head of Human Rights Watch to step down after nearly 3 decades | New Policies
NEW YORK (AP) — The longtime head of Human Rights Watch announced on Tuesday that he will step down as executive director this summer after nearly three decades at the helm of one of the world’s leading advocacy organizations. .
Kenneth Roth led the New York-based group as it shared a Nobel Peace Prize in 1997 for its efforts to ban anti-personnel landmines. The group also lobbied to establish the International Criminal Court to prosecute war crimes, crimes against humanity and genocide.
Former ICC chief prosecutor Fatou Bensouda called Roth an inspiration.
“Ken’s fearless passion for justice, courage and compassion for victims of human rights abuses and atrocities were not just a professional responsibility but a personal conviction for him,” he said. she declared.
Roth became executive director in 1993, when the group had about 60 employees and an annual budget of $7 million. It now has more than 550 employees in more than 100 countries and a budget of almost $100 million to campaign against human rights violations.
“Ken Roth has transformed Human Rights Watch into a juggernaut of justice,” said Anthony Romero, executive director of the American Civil Liberties Union. “He inspired a generation of human rights defenders to fight for a better world.”
The group has been at the forefront of advocacy on some of the world’s most burning rights issues.
According to Human Rights Watch, this has earned Roth many enemies over the years.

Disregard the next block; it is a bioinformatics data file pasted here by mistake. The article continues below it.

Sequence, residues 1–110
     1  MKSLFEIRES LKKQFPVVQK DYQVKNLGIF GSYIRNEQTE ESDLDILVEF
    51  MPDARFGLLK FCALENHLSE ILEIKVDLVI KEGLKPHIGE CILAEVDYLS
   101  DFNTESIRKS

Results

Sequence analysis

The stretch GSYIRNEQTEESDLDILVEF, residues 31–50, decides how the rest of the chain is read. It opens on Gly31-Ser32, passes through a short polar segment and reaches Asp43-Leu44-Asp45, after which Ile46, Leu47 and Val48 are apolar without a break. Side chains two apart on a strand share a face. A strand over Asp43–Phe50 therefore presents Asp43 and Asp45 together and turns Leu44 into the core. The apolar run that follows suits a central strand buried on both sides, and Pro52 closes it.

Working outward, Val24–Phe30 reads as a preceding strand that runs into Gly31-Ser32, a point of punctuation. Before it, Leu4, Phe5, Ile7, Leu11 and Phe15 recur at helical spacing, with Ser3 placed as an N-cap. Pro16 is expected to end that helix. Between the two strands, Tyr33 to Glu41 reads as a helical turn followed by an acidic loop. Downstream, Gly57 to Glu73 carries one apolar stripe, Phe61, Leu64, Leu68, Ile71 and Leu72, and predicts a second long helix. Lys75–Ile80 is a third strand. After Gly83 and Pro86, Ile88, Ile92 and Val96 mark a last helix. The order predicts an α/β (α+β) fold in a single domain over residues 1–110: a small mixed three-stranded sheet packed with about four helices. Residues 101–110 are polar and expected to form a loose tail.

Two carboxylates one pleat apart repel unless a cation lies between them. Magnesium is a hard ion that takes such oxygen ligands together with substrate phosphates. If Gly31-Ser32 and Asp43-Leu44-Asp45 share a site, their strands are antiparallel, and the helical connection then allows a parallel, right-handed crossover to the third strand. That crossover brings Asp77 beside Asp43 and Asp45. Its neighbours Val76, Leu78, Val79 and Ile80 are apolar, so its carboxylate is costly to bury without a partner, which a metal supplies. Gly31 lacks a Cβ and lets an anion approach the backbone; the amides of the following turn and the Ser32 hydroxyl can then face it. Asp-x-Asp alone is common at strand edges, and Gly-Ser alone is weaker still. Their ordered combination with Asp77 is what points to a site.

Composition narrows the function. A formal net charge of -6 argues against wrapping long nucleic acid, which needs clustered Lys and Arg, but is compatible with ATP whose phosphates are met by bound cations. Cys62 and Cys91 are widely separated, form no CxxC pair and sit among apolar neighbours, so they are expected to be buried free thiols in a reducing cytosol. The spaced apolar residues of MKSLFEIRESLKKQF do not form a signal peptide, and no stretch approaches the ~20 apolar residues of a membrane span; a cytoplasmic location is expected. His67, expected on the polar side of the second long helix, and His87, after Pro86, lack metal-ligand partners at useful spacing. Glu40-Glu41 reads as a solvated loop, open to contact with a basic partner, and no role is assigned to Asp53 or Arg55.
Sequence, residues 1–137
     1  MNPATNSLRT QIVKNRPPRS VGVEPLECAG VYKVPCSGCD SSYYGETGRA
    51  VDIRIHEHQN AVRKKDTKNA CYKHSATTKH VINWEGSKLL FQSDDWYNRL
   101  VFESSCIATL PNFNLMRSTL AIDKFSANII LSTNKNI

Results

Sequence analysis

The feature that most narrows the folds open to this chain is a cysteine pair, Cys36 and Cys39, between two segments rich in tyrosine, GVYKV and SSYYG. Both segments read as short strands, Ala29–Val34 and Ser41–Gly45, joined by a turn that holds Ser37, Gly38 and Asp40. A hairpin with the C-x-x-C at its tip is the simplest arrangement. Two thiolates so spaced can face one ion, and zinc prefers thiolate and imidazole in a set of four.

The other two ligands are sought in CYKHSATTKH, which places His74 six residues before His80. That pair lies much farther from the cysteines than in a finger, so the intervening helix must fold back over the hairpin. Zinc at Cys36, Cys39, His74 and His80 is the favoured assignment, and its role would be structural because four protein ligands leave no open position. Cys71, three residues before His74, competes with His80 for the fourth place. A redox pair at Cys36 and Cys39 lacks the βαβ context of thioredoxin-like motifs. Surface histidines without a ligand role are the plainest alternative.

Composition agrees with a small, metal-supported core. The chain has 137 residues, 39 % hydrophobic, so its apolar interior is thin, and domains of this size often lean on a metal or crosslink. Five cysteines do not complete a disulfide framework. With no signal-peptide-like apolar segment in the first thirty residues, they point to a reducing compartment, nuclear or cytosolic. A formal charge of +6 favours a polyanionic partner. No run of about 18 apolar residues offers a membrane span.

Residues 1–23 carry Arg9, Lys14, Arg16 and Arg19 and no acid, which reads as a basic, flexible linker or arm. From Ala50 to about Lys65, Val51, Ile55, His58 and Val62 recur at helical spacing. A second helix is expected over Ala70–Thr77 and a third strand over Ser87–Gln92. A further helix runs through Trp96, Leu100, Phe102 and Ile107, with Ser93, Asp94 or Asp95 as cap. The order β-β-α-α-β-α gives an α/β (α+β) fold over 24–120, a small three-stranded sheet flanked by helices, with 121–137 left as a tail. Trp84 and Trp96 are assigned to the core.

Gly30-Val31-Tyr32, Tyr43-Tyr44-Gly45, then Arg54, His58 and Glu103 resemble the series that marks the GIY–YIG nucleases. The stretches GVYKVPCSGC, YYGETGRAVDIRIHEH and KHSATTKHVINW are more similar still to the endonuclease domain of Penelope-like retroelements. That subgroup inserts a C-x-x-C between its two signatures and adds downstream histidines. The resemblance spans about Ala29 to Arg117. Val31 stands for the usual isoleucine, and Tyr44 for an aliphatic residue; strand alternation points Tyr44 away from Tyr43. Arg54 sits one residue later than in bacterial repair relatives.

“Despite being Jewish (and having a father who fled Nazi Germany when he was 12), he was attacked as a supposed anti-Semite because of the organization’s criticism of abuse of the Israeli government,” the group said in a statement. Tuesday.
“The Chinese government imposed ‘sanctions’ on him and expelled him from Hong Kong when he traveled there to publish Human Rights Watch’s global report in January 2020, which highlighted the threat from Beijing. for the global human rights system,” he said.
During his first years there, Roth carried out investigative investigations, notably in Haiti and Cuba, on the Israeli-Palestinian conflict and in Kuwait after the 1990 Iraqi invasion. is particularly concerned about the atrocities committed during the Syrian war as well as the Chinese repression of the Uyghur minority in Xinjiang.
After the September 11, 2001, terrorist attacks in the United States, Human Rights Watch documented and exposed the use of “black sites” where US officials interrogated and tortured terrorism suspects. The group urged the US government to investigate and prosecute those responsible.
The organization said its reporting and advocacy contributed to the conviction of former Liberian President Charles Taylor, former Peruvian President Alberto Fujimori and Bosnian Serb warlords Radovan Karadzic and Ratko Mladic.
Roth began his human rights career as a volunteer, working nights and weekends while serving as a lawyer and federal prosecutor. He joined Human Rights Watch in 1987 as Deputy Director and shortly after taking the top job in 1993, he joined its regional rights monitoring groups under a single identity as Human Rights Watch.
Following Roth’s resignation at the end of August, Human Rights Watch said Deputy Executive Director Tirana Hassan will serve as interim executive director while it searches for Roth’s successor.
“I have had the great privilege of spending nearly 30 years building an organization that has become a leading force in defending the rights of people around the world,” Roth said. “I am leaving Human Rights Watch but I am not leaving the cause of human rights.
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